Costa Mesa and Dana Point City Council moved forward with adopting updated housing plans for roughly the next eight years this week amid pressure from the state to increase housing stock to address California’s home shortage.
The adoption of these plans comes as the housing crisis and state mandated housing goals have pitted local officials against state officials in battle over who should get to determine the future of what cities will look like in terms of home building over roughly the next decade.
City officials across Orange County have fought back against the state for the last couple years over their housing mandates and some officials have called for greater local control on zoning and housing issues – but the efforts haven’t changed the over 180,00 homes OC cities have to zone for.
Meanwhile, housing advocates have argued that for too long in Orange County there has been an overproduction of high income homes and underproduction of affordable housing, which they say has fueled the homelessness crisis.
The Costa Mesa City Council at their Tuesday meeting voted 6-1 to adopt their housing plan update, dubbed the housing element, that would have the city zone for 11,760 new homes in the city between 2021- 2029.
Of those homes, 2,919 units have to be for very low income families while 1,794 will have to be for low income families.
Councilman Don Harper voted against the plan and questioned the impacts it could have on the city and its economy.
“Our system of government was designed to have local authority and local jurisdictions for a reason so those in a local community can represent and design what they want for their community,” he said. “I don’t think Sacramento is doing things in our best interest always and we have to recognize that.”
Mayor John Stephens acknowledged the state’s housing crisis.
“Are we going to build 11,760 units in the next eight years in the city of Costa Mesa? Of course not,” he said. “We don’t have a supply of affordable housing for the citizens that we have in Costa Mesa and that’s what we’re trying to adjust.”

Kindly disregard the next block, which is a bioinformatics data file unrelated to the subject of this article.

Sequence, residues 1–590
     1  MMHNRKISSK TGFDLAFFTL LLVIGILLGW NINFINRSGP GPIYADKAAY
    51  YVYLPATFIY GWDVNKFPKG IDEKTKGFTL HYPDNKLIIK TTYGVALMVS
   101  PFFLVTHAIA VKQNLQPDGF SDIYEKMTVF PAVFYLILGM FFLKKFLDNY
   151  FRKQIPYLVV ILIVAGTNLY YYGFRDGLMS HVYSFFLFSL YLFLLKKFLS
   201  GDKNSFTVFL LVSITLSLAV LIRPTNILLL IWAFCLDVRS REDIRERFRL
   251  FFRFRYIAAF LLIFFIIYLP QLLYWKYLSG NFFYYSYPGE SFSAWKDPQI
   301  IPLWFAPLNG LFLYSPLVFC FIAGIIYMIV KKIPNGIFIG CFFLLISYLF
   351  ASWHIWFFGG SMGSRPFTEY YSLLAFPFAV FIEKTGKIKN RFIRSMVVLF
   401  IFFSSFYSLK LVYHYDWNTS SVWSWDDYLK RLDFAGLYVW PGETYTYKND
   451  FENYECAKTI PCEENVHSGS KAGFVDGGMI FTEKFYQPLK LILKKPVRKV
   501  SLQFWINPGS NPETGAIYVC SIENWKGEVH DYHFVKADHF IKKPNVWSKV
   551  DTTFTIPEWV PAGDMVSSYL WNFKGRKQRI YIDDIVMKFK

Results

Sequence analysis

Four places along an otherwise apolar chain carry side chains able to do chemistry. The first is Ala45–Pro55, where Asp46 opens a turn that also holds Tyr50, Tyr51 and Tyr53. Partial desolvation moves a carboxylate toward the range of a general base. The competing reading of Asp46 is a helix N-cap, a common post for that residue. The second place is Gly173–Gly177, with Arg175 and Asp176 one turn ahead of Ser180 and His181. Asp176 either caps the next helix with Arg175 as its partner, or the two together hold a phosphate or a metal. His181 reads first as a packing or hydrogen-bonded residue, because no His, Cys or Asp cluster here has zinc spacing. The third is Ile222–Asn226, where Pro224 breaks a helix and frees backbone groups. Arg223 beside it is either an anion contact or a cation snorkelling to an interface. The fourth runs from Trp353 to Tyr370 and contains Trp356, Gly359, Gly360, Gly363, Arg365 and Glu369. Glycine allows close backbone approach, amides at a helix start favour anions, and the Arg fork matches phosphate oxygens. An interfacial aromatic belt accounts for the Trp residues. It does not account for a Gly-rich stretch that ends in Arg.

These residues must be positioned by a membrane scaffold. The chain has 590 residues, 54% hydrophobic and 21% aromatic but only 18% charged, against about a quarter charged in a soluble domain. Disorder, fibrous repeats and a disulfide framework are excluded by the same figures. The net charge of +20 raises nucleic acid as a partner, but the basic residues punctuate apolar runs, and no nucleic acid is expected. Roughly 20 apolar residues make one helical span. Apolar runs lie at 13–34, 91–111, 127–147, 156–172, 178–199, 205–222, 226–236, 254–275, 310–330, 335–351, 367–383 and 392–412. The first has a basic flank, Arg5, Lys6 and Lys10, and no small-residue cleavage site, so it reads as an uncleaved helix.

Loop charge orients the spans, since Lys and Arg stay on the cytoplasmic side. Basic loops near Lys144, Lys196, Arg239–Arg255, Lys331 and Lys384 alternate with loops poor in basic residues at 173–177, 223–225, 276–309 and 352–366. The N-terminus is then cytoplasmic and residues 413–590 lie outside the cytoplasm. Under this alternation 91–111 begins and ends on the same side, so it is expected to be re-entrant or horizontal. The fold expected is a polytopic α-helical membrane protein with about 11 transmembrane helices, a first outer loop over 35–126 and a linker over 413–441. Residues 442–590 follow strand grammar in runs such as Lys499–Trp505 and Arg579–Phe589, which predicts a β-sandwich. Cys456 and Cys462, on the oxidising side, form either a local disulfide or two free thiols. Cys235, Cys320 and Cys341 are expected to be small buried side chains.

Cynthia McDonald, a resident, called on the city council to adopt an inclusionary housing ordinance, which mandates developers must set a certain number of homes in a housing project as low income.
“You have stagnated in the adoption of an inclusionary housing ordinance,” she said Tuesday. “You won’t be able to control the amount of affordable housing a developer provides unless you do adopt one which means until you do, you will get very little or nothing and that is what has happened here for many years. Stop sitting on your hands.”
Stephens said they’re working on such an inclusionary housing policy.
Last year, cities across Orange County filed their draft housing plan updates to state officials with a deadline to submit those drafts back in October.
Cities have until the end of next week to officially adopt the new plans.
The Dana Point City Council unanimously voted to adopt their housing plan at Tuesday’s meeting.
Officials there have been tasked with figuring out where 530 new homes would go – 147 of which have to be for very low families and 84 for low income families.
The Yorba Linda City Council decided to continue their Tuesday public hearing on their housing plan to a special meeting on Feb. 9 as staff works to address issues raised by state officials on their plan.